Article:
Ruchin has a job interview at his dream company. He’s done his research and is confident about his chances. The interview goes well until the employers stump him with a question he isn’t prepared for: “Where do you see yourself five years from now?”

It’s a tricky question, isn’t it? If you’ve appeared for job interviews, you know how stressful this situation can get. But the question isn’t limited to job interviews. Several managers ask their teams the same question. Do you want to know the reason for this question? Read on!

Not That Question Again!

If you think about it, when someone asks you ‘where do you want to be in five years?’, it’s impossible for us to know. Life is uncertain and you don’t even know what’s going to happen the next day, let alone five years later. But the question isn’t a way to gauge what exactly you’ll be doing in five years but what you think you’ll be doing for yourself.

Employers love to ask this simple yet tricky question because they want to hire self-aware individuals; they want to confirm whether you’re the right pick for the organization.

Here’s what your (potential) employer is really trying to discover:

  • If you have a long-term career strategy

  • If you know how to define success for yourself

  • The ways in which you plan to pursue your goals

  • Whether your ambitions are aligned with the organization’s goals

  • Your interests and whether you have the right attitude

  • How you’re going to use your strengths to drive business success

  • Whether you’re a good social and cultural fit for the workplace



So, How Do You Answer: Where Do You See Yourself In 5 Years?

Preparing for the question ‘where do you see yourself in five years?’ is a good exercise to reflect on your personal dreams and aspirations. It helps you figure out what you enjoy doing and what’s meaningful to you. The more clarity your gain about your long-term goals, the more confident you become in setting expectations and priorities.

Here’s how you can prepare the answer to this question in advance while examining your personal and professional goals.

  1. Note Down Your Feelings

Consider working for the employer and the job title you’ll be in—how do you feel about it? Consider your personal feelings as you think about your future in the organization. Label your feelings and think about how the organization can make you feel valued. You can ask yourself these personal questions for self-reflection:

  • Will I learn new things at this job?

  • Will I have a healthy work-life balance?

  • How will my value in the job market increase?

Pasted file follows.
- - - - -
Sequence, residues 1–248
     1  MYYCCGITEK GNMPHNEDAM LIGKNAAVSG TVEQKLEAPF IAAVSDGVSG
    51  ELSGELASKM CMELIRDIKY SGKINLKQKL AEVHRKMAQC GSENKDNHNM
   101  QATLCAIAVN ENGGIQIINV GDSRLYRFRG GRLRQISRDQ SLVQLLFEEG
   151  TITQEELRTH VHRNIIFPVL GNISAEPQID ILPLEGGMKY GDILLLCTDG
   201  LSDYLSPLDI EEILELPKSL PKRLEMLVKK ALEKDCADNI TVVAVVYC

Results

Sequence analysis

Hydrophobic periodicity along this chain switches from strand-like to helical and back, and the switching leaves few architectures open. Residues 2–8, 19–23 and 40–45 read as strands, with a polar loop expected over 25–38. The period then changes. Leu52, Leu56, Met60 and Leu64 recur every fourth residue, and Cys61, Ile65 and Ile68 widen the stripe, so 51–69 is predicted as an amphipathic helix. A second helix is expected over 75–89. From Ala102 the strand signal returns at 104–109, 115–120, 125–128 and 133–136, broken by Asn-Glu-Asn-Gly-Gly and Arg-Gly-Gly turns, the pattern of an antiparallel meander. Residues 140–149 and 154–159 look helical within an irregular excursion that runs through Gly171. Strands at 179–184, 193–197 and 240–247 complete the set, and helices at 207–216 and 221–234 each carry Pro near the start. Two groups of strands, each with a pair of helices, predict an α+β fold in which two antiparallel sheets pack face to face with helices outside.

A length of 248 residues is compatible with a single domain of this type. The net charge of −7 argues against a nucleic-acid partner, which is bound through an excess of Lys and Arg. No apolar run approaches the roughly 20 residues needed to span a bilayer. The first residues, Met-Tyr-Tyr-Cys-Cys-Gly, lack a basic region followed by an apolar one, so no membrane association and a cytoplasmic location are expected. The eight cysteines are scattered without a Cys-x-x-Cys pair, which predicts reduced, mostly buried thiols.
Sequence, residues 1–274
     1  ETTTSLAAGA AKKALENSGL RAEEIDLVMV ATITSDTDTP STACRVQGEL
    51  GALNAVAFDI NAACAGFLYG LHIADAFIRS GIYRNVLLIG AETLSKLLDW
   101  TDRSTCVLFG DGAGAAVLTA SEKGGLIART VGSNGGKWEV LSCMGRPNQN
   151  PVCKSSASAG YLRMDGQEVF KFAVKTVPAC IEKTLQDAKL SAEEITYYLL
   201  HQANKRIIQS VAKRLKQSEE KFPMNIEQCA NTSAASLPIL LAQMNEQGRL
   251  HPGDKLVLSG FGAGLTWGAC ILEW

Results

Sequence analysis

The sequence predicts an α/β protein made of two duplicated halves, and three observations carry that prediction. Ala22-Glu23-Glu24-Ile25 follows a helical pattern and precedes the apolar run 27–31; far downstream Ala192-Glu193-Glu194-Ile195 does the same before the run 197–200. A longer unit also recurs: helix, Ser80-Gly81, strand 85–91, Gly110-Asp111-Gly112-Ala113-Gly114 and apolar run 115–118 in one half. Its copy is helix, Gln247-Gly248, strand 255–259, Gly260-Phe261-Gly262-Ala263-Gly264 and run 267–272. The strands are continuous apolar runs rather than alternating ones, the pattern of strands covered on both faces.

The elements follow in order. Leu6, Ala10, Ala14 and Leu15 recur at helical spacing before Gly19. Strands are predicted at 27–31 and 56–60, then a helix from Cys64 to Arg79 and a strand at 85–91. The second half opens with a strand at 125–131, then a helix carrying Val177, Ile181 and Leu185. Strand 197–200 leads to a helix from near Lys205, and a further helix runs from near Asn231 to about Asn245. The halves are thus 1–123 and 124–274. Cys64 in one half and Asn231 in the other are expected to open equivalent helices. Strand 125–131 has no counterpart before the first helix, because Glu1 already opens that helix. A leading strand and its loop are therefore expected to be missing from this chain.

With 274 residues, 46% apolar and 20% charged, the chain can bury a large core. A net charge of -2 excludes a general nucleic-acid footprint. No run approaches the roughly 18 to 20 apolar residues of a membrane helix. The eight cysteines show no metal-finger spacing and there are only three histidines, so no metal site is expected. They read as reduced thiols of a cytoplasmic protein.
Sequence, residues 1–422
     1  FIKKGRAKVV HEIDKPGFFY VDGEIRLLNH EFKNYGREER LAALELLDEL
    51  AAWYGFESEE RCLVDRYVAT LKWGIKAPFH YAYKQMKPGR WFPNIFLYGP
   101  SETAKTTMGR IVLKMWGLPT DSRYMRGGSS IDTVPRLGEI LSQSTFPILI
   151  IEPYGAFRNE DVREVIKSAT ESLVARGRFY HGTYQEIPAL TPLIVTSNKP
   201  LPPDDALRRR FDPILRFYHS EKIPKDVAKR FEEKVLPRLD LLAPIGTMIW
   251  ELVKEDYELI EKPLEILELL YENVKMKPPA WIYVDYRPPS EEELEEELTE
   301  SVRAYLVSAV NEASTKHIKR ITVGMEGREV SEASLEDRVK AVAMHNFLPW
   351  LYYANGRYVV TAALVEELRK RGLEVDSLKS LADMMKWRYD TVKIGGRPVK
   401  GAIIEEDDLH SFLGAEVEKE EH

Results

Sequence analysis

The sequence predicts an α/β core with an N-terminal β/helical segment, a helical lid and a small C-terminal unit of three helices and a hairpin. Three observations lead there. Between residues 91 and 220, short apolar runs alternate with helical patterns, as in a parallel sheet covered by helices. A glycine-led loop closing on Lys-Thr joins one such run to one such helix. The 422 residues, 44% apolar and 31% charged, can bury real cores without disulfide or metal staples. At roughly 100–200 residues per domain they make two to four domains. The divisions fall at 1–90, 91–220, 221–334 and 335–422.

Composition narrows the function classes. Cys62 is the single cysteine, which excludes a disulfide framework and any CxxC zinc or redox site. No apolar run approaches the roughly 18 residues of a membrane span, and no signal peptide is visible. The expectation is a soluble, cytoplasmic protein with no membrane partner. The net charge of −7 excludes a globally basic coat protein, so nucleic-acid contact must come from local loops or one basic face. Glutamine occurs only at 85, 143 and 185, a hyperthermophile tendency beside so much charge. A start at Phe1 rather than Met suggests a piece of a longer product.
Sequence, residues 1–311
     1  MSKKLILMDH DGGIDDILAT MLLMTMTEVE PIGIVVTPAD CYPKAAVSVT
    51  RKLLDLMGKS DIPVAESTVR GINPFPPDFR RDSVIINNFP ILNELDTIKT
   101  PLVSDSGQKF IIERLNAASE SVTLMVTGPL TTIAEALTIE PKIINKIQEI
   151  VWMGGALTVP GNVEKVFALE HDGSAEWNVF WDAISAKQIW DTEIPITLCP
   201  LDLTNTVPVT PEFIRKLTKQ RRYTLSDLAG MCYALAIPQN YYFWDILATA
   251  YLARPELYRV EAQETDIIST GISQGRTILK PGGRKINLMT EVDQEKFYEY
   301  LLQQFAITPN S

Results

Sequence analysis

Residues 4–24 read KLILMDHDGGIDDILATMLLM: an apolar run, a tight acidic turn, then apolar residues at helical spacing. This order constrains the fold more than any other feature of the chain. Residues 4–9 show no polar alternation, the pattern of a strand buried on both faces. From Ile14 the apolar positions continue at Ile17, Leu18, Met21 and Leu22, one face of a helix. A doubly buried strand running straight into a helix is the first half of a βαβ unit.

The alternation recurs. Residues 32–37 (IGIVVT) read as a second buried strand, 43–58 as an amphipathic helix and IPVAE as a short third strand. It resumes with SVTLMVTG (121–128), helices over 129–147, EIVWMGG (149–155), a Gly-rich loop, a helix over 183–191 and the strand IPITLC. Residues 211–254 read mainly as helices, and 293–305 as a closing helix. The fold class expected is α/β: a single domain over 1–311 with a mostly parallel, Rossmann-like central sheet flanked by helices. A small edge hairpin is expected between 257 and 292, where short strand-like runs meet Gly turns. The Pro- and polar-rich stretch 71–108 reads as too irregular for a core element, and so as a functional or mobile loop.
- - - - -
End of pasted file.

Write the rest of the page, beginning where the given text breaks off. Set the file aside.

1. Think About A Typical Day

Instead of focusing too much on specific responsibilities, think about a typical day in the workplace. Write down your thoughts and reflect on the things that’ll make you happy at the end of the day. Ask yourself these questions to think about how you’d like to spend your day:

  • How do I make connections at work?

  • What are the skills that I should pick up?

  • What are my expectations at the end of the day?

  1. Try To Visualize Your Goals

The goal-setting process is time-consuming. Even if you can’t put a finger on your long-term goal, you can start small by focusing on the things you value. For example, if working with marginalized communities makes you happy, you can think about joining the development or non-profit sector.

  1. Do Your Homework

One of the most effective ways to tackle the question ‘where do you see yourself five years from now’ is to identify the employer’s expectations. Go to the ‘Careers’ section of the company’s website and check out the details on the particular job opening. If you want to impress them, show them that you know enough about them.

Express To Impress!

Once you’ve done the preliminary preparation, it’s time to effectively convey your thoughts and expectations. Not only should you communicate clearly, but you should also exhibit confidence while convincing your potential employer with your answer.

Harappa Education’s Speaking Effectively course is designed to help you deliver ideas with precision and leave lasting impressions on people. The PAM (Purpose, Audience and Message) Framework will teach you all about connecting with people. The Interview Questions framework will guide you about the most commonly asked interview questions. Build powerful communication skills that guarantee career success!

Explore topics such as Self-Introduction, Guide to Answering – Tell Me About YourselfWhy Should We Hire You? & 50 Most Common Interview Questions and ace your next interview with confidence.

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